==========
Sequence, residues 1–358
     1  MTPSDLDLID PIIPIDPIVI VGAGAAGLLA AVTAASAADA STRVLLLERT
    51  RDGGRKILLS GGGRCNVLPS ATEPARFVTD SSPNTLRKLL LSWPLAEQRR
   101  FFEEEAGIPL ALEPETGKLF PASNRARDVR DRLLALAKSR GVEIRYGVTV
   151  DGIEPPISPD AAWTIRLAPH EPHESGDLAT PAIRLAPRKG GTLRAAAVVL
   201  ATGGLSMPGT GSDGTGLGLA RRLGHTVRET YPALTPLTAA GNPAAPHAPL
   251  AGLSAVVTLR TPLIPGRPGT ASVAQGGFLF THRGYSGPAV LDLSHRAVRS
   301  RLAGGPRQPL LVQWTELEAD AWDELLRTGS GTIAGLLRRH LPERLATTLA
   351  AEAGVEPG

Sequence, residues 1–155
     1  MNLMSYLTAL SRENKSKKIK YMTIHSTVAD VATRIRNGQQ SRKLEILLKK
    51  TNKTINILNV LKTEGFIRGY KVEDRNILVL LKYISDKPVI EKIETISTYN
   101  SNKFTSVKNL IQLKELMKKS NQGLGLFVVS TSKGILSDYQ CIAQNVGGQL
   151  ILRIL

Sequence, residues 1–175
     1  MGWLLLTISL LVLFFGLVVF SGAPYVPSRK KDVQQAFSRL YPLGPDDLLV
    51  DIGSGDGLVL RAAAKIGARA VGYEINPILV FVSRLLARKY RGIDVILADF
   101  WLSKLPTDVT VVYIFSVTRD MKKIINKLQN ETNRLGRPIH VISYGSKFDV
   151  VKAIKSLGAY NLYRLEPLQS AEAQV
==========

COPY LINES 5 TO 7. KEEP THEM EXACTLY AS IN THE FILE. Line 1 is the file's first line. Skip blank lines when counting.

   151  DGIEPPISPD AAWTIRLAPH EPHESGDLAT PAIRLAPRKG GTLRAAAVVL
   201  ATGGLSMPGT GSDGTGLGLA RRLGHTVRET YPALTPLTAA GNPAAPHAPL
   251  AGLSAVVTLR TPLIPGRPGT ASVAQGGFLF THRGYSGPAV LDLSHRAVRS